High court hears challenge to medical-marijuana law changes
SALT LAKE CITY (AP) — People angry about sweeping changes made to a voter-approved law legalizing medical marijuana in Utah called on the state’s highest court Monday to rein in the Legislature’s power to alter measures passed at the ballot box.
The revisions undid much of what the voters wanted and are part of a troubling pattern of state leaders changing other voter-approved laws, said Steven Maxfield with The People’s Right group.
“The Legislature has gone too far,” he said.
Though the justices appeared skeptical about his group’s push to overturn the changes and go back to the original measure known as Proposition 2, they did grill government lawyers about whether lawmakers overstepped.
The conservative Legislature changed another voter-approved measure this year by shrinking Medicaid expansion, a move that also drew protest.
“Is there anything legal voters can do to protect an initiative they have passed from being changed by the Legislature?” said justice Paige Petersen.
State attorneys argued that while voters can initiate legislation, laws passed by the people are subject to be amended or repealed like any other.
“This is a core legislative power,” said Eric Weeks, who represented lawmakers. Ultimately, if voters don’t like what lawmakers are doing, they could vote them out of office, he said. Advocates said the election process is too slow to be meaningful.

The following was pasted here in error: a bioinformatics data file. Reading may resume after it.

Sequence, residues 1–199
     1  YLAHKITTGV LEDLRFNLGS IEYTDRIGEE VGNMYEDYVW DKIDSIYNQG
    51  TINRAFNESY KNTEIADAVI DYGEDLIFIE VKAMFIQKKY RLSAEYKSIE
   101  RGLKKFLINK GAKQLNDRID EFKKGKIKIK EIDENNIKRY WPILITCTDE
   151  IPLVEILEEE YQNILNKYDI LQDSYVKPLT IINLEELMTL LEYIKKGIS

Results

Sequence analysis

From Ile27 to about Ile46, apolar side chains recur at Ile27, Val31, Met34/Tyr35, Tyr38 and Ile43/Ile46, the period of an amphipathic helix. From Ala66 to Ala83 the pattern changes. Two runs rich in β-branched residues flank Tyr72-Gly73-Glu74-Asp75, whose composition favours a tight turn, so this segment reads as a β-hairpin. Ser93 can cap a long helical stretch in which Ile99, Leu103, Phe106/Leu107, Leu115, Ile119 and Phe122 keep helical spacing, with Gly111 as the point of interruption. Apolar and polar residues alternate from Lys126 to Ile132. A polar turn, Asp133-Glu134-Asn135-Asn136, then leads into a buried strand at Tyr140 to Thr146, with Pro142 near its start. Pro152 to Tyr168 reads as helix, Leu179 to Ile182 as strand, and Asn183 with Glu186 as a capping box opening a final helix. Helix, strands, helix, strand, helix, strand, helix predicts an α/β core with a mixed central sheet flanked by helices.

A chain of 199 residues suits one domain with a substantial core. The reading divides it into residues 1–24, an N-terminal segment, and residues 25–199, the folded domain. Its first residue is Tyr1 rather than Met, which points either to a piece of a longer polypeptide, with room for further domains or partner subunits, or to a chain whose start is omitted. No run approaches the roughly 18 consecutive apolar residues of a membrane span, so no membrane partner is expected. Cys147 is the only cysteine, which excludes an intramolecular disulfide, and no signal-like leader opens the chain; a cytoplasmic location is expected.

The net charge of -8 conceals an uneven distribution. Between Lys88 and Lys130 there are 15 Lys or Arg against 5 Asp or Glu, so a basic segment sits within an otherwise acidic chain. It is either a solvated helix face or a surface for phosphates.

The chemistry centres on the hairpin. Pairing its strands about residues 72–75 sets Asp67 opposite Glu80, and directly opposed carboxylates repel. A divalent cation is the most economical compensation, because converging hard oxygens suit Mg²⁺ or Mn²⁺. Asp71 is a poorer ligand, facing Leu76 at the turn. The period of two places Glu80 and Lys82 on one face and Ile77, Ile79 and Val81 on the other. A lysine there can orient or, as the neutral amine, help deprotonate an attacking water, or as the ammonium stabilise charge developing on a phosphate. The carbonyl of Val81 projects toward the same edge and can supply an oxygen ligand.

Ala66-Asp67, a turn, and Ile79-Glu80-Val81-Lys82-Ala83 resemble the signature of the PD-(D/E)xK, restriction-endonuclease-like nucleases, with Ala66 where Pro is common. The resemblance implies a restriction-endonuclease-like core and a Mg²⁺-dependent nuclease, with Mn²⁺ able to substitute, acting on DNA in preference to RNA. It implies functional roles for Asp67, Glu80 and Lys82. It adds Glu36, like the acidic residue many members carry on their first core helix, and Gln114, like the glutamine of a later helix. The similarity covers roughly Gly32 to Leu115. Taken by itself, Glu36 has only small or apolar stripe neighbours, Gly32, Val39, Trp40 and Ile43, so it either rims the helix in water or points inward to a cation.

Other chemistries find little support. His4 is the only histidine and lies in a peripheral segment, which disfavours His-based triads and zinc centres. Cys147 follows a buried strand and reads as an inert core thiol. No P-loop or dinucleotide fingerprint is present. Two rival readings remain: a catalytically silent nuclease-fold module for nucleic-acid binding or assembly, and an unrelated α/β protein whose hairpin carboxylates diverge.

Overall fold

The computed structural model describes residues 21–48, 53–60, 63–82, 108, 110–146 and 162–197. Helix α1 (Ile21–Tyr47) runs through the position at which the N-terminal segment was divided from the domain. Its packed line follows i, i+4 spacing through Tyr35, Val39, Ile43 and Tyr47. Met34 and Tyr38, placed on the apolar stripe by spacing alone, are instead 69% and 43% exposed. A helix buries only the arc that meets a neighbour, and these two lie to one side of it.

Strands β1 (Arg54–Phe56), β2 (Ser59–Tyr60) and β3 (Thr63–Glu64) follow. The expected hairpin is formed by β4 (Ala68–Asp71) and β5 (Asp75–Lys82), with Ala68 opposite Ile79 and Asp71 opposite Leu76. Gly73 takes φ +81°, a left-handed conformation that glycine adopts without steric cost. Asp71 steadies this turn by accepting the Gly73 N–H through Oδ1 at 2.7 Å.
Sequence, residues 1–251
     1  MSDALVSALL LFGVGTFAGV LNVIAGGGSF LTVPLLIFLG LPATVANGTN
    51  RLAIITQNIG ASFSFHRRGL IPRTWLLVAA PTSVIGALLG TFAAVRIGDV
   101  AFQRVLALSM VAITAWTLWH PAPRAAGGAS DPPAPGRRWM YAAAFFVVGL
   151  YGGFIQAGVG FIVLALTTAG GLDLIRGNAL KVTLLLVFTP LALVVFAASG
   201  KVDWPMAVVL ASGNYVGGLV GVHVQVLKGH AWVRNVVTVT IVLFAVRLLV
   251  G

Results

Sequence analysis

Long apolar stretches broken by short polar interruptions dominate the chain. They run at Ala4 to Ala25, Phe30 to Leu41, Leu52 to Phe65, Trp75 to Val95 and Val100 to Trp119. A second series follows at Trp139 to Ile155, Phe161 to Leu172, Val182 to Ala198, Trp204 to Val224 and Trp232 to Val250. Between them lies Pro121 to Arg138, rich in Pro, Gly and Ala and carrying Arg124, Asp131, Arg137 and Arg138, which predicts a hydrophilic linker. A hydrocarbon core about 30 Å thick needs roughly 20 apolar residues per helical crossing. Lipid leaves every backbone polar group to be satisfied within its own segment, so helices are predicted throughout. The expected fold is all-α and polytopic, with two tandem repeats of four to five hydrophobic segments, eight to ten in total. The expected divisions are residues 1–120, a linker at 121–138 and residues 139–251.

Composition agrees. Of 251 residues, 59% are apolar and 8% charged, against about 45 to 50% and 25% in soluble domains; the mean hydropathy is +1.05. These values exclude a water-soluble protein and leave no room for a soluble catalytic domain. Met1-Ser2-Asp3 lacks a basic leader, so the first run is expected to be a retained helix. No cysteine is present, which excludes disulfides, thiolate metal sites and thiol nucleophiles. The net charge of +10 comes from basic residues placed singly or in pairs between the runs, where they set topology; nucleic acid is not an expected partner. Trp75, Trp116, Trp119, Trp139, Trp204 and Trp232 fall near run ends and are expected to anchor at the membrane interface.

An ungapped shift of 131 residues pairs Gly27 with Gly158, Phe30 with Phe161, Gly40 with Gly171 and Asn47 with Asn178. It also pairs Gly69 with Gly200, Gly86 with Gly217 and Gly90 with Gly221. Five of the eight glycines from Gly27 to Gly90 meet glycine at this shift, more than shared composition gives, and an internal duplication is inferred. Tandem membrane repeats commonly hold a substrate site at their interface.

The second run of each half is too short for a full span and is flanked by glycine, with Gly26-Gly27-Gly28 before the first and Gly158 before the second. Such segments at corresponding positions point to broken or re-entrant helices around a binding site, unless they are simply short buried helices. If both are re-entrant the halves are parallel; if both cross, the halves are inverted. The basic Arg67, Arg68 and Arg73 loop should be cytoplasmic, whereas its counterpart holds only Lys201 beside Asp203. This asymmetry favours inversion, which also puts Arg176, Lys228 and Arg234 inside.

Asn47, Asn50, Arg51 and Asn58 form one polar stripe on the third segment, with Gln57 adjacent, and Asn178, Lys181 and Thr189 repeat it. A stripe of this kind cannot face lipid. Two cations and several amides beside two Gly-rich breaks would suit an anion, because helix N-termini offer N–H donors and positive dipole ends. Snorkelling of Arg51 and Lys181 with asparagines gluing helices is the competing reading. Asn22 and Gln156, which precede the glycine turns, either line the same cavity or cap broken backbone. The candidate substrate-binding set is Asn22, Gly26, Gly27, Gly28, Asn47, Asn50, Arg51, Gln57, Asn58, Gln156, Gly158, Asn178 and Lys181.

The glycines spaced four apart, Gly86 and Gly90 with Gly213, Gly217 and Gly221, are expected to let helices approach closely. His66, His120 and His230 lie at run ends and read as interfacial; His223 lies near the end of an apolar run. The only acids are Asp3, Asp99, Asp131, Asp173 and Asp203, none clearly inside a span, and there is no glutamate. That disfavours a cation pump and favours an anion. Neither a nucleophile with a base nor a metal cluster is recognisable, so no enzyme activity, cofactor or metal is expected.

The justices did not indicate when they would rule. The case is unusual because the plaintiffs, who had also unsuccessfully pressed to go back to the voters for a referendum on the changes, represented themselves instead of hiring attorneys.
Two other advocacy groups have also sued over the changes that were part of a compromise agreement involving The Church of Jesus Christ of Latter-day Saints, which had opposed the measure.
The deal banned many marijuana edibles, prevented people from growing their own marijuana if they live far from a dispensary and narrowed the list of eligible medical conditions.
Advocates like The People’s Right argue it created too many hurdles for struggling patients, but others who were part of the negotiation said the compromise was the best way to forestall more drastic changes.